U.S. natural gas prices have teased traders this year after the price surge in the spring, but a "more durable problem" remains, according to Stephen Smith Energy Associates.

In the latest monthly update, Smith and his team took a look what's been going on in the domestic gas markets. Prices rallied earlier this year on cold weather and the expectations for a hot summer, but that hot summer in the prime cooling markets hasn't materialized, analysts noted.

"Mild weather has been part of the problem: only four of the last 15 weeks have had total degree-days higher than normal," Smith said. The "more durable problem" has to do with gas-to-coal switching, as power generators at the $3.75/MMBtu price "tend to promptly reduce gas-fired generation in favor of coal.

"Long-term gas investors are understandably optimistic about prospects for long-term industrial and power generation demand growth, exports to Mexico and liquefied natural gas exports. But in the near-term, including the year 2014, it appears likely that weather-driven gas price rallies into the $4.00-plus range are likely to be short-lived unless the flat gas production pattern of the last year begins to show some weakness (possible, but not our most likely case)."

The domestic gas storage surplus relative to 2006-2010 weekly norms fell from a surplus of 463 Bcf on Feb. 15 to "near zero" on April 26 "and it has remained near zero ever since," Smith noted. A gas rally followed after April 26, but since then, "the sub- to near-normal degree days and near flat storage surplus: has eroded prices. A November storage peak in the neighborhood of 3,800 Bcf now appears likely."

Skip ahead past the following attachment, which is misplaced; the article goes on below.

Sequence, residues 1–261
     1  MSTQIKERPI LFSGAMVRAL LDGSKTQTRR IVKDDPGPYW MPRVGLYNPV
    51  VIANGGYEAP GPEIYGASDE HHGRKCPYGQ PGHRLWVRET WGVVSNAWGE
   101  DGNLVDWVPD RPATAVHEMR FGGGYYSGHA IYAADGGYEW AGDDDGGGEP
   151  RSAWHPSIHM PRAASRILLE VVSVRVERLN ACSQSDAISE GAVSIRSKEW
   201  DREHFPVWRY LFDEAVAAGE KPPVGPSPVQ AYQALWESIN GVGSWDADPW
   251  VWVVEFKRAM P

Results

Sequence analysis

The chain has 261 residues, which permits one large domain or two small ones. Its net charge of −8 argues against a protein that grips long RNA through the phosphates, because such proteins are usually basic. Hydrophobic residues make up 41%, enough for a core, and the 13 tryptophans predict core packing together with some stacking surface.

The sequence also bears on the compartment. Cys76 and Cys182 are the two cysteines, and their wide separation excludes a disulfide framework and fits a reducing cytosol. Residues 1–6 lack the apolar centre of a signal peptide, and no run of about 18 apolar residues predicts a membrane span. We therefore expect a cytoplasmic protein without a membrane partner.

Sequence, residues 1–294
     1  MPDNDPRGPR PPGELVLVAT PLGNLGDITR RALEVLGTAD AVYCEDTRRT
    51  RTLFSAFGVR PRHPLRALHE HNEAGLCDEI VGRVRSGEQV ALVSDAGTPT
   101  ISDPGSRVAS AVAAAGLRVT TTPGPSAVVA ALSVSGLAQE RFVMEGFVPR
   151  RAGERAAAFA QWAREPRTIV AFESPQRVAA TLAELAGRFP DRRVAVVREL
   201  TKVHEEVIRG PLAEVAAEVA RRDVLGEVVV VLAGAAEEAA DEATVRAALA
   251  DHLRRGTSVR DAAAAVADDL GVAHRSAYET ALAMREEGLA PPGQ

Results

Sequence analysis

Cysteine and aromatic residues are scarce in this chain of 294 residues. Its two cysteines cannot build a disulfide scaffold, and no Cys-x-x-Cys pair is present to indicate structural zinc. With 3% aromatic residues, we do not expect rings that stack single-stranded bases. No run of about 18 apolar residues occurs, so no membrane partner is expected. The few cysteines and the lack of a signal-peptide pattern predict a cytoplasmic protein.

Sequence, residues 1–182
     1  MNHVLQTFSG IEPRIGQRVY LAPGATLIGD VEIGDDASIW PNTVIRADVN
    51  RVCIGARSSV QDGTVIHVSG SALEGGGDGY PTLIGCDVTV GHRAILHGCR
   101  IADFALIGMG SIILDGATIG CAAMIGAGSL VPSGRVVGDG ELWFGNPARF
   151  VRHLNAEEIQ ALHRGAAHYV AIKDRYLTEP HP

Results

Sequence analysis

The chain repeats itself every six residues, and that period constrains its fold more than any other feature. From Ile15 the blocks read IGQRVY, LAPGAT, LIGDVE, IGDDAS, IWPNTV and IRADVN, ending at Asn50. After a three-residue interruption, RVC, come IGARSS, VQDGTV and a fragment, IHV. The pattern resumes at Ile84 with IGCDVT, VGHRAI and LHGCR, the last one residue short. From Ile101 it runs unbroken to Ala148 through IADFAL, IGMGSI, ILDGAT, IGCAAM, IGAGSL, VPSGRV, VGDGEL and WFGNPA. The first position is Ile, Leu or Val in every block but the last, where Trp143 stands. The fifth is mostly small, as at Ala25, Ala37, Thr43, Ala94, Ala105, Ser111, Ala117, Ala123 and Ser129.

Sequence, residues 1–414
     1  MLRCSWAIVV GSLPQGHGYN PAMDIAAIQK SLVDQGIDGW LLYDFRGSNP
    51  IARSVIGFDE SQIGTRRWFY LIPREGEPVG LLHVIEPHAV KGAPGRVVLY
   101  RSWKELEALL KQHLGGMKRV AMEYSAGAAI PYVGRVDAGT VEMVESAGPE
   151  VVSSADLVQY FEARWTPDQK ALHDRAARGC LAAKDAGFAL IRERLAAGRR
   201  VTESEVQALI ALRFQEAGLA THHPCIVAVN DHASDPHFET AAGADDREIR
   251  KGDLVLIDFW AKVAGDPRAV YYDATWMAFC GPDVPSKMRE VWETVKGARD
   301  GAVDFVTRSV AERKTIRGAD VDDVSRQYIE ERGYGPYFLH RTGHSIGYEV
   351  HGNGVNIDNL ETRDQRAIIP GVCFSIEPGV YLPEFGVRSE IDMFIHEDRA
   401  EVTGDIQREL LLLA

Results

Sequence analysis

For the last nine months "onshore gross production has been essentially flat," the Smith analysts said. Between October 2011 and this past May, gas production essentially has been unchanged, following several years of growth driven by the unconventional gas drilling boom. The boom topped out in September 2011, but several things have supported peak gas production since:

  • Oil-directed drilling surged as gas-directed drilling collapsed, and some oily plays produce significant gas;
  • Substantial infrastructural "lag effects" deferred initial gas production until long after the horizontal gas drilling boom slowed. The effects included wells drilled but waiting on hydraulic fracturing, delayed well hook-ups and expansion of gathering lines and larger pipeline construction expansions, particularly in the Marcellus Shale.


The Stephen Smith analysts looked at various state gas-makers to explain how the ups-and-downs in infrastructure buildout have affected gas production trends. They also compared total rig counts for each of the five largest states, or "logical groupings of states," such as the Marcellus/Utica shales.

 "Infrastructural lags continue to be an important driver of Marcellus production growth (completions from an inventory of 'wells waiting on completion' and a large backlog of new gathering lines, processing plants, and major pipeline expansions)," they said. "For this reason, quarter-to-quarter changes in rig counts are particularly poor predictors of production trends."